Seattle, Washington has long been known for its cloudy days and great coffee. However, the city has another new distinction – bike-sharing hotspot.
Less than five months ago, the city shut down its struggling bike-sharing system, which was kept afloat by taxpayer money.
However, over the past month, three new innovative bike-sharing companies have opened in Seattle, quickly putting the failure of the past to bed.
There are now more bikes available as well as rides being taken. The cost for a single ride is just $1 and is not only less expensive, but it is the lowest prices for any bike-sharing system in any major city in the U.S.
The government of Seattle will receive much more data on the bike trips, to help it plan local transportation better. By the end of this year, Seattle should have the largest bike-sharing network in the U.S.
The latest surge in bike-sharing has all taken place without the use of a cent of funding by taxpayers.
One bike blogger in Seattle said that the city turned what had been a big failure into a current success story within just a few months.
Seattle has become the bike-sharing gateway and a number of other U.S. cities have started to look at Seattle to see what it is doing.
Seattle’s recent success with bike-sharing includes some good fortune relate to timing and a good permitting system.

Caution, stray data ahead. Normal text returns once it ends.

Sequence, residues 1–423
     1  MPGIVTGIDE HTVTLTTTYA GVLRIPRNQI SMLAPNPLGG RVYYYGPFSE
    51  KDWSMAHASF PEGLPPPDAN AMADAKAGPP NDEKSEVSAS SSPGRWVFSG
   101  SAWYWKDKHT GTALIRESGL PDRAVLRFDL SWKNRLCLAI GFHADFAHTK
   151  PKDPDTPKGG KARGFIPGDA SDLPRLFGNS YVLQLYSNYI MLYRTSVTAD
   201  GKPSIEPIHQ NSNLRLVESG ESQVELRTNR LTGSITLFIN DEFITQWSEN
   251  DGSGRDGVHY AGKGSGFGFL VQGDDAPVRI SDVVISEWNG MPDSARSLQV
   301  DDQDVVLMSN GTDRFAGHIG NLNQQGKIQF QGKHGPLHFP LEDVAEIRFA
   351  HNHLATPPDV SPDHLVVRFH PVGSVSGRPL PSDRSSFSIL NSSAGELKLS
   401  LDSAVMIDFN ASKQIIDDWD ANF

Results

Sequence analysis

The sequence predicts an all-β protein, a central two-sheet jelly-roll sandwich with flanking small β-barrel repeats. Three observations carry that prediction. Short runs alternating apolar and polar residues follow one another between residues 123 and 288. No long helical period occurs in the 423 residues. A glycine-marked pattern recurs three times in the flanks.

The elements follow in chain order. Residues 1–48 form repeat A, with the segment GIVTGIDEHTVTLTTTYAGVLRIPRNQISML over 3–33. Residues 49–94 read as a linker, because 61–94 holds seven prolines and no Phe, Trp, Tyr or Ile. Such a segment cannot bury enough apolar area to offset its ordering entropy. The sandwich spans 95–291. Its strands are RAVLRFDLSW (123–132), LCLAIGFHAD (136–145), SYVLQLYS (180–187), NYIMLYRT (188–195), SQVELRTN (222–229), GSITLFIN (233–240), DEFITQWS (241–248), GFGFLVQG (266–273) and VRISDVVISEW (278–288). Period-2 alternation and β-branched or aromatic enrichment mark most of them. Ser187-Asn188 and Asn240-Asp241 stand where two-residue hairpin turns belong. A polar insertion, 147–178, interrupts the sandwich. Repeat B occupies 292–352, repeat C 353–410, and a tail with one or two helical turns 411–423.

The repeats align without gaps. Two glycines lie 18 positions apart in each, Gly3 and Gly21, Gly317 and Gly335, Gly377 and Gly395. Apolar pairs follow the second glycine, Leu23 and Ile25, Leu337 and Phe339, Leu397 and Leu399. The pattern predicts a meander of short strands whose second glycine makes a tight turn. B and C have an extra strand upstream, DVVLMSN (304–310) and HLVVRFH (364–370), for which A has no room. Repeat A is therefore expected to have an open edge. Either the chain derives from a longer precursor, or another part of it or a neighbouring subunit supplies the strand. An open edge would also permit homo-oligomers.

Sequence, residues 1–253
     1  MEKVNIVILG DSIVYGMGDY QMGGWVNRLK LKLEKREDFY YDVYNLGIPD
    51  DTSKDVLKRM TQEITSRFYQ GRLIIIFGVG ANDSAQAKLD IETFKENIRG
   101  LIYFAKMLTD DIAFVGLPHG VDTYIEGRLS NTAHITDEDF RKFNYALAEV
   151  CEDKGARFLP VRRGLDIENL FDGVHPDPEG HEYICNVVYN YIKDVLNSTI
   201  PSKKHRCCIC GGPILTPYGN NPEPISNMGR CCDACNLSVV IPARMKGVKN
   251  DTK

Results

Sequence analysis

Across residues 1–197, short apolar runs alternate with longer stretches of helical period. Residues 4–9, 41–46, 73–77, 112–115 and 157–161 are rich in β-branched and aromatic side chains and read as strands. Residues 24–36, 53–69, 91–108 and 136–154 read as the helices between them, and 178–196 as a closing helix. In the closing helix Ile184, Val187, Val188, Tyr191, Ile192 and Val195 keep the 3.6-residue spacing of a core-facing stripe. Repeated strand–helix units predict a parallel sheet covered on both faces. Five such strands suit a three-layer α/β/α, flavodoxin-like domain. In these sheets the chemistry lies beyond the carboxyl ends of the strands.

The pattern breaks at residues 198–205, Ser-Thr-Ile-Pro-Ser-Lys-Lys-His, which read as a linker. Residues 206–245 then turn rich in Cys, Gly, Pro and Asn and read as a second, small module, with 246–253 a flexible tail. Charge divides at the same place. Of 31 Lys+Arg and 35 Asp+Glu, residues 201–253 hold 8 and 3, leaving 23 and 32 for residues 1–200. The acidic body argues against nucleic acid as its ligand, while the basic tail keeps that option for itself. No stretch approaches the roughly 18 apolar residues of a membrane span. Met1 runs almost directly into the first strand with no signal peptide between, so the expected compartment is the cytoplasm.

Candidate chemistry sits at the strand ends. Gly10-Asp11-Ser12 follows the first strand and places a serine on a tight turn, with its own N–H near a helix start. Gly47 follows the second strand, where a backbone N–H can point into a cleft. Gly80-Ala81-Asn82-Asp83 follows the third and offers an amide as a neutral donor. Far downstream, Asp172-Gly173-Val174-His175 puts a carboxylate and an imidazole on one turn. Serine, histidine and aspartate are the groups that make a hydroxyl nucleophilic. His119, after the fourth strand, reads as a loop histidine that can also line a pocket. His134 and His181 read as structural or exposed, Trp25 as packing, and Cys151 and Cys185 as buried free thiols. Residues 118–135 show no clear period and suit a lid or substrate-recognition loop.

This summer Seattle became one of the first in the U.S. to issue a permit to private bike-sharing systems that do not need the use of docks or stations to park their bicycles.
Instead, the bikes are able to be left on public sidewalks provided they are not blocking pedestrian or driveway access.
That makes it much more convenient for the riders and is seen widely as the future for bike-sharing.
Riders can locate bicycles through an app on their smartphone. A lock on the bicycle’s rear wheel can be unlocked when the rider scans the QR code on the bike.
As the failed bike sharing system in Seattle was being winded down, LimeBike, which opened in July, and Spin competitor, were trying to raise funds from tech giants in Silicon Valley and looking for what cities they could launch in.
Seattle, with its young and active population, a bike lane network throughout, and no bike-sharing available, was their obvious choice.
Since then Ofo a China based bike-sharing company has always opened in Seattle.